One of the things I like most about living in Ireland is the changing seasons.
The tropics are over rated. Don’t get me wrong, a bit of predictable sunshine now and again certainly wouldn’t go amiss, but you’d soon grow tired of the sameness of it all. You’d miss the seasons… the quarterly punctuation of your calendar year by cyclical and predictable climate change.
In our temperate climate seasons help to synchronise life. Spring, summer, autumn, winter — we tend to schedule our lives around them, managing our work and leisure time according to seasonal rhythms. It’s something so ingrained that we don’t even notice it, but we all live our lives to the beat of a seasonal drum.
Seasons influence us all… but for the plants and animals we share our island nation with the synchronisation of life around seasonal change is a matter of life and death.
Plants flower to coincide with the activity of pollinating insects (or insects emerge to coincide with the flowering of nectar-rich food plants… take your pick); birds synchronise their nesting so chicks hatch when there’s a super-abundance of food; hibernating mammals, like hedgehogs emerge from hibernation when the invertebrates they feed on are plentiful. Nature is full of these “happy coincidences”, and they are all triggered by the rhythm of established, predictable seasonal change. They happen, by and large, at the same time every year.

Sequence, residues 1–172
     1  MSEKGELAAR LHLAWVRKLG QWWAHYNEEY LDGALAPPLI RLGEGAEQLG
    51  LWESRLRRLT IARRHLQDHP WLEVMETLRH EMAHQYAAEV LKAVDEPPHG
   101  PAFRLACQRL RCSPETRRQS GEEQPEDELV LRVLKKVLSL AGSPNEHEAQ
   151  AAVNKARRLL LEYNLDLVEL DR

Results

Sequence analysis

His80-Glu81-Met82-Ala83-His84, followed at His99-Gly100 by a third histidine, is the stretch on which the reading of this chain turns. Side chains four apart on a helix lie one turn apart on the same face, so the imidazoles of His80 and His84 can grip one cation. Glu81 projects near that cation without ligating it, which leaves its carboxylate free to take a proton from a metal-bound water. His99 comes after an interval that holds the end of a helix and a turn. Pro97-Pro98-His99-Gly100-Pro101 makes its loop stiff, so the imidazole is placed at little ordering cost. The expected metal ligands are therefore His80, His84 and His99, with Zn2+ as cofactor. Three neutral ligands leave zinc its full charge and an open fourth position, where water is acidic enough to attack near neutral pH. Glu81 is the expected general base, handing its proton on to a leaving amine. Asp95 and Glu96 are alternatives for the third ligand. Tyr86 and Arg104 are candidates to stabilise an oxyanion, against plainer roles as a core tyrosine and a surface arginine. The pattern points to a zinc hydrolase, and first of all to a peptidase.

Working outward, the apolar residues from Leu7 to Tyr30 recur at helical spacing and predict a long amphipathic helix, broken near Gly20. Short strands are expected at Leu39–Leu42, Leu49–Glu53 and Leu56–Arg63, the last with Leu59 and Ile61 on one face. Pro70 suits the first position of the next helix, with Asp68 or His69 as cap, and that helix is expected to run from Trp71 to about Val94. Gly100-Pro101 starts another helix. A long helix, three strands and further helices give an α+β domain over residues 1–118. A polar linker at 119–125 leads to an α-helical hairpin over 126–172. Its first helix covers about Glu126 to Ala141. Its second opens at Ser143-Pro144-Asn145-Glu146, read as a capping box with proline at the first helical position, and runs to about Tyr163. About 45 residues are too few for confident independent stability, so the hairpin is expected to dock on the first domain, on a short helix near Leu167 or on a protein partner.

Except that this year something is seriously awry.
Frogs have been spawning since before Christmas, when they wouldn’t normally emerge until mid February. I was out cycling this week when I almost choked on a cloud of unseasonal midges. I stopped to catch my breath and there in the grassy verge was a flowering herb-robert — a pretty little pink wildflower that doesn’t normally bloom until April or May.
Our resident birds are in full song, and some are already pairing up. A house sparrow couple getting frisky on the bird feeder outside my office suggests that, for some at least, the breeding season is in full swing. Hedgehogs are out and about, plants are flowering early, trees are budding — all months ahead of schedule. There was even a report of a swallow arriving over West Cornwall last week — not Irish, granted, but not far away either.
It’s all a bit odd.
The catalyst for all this early spring activity is the mild weather, but it’s not affecting everything in the same way. Some spring events are triggered by day length, not temperature, and that puts nature’s careful crafted balance out of kilter. Combine that imbalance with the very real potential for a sting in winters tail, and it could spell trouble for those species who have jumped the gun.
I’m all for the mild weather… and I’m delighted we seem to have avoided the deep freeze that descended over the last couple of winters. I just hope that this “early” spring doesn’t turn out to be a false start for some of our more vulnerable wildlife.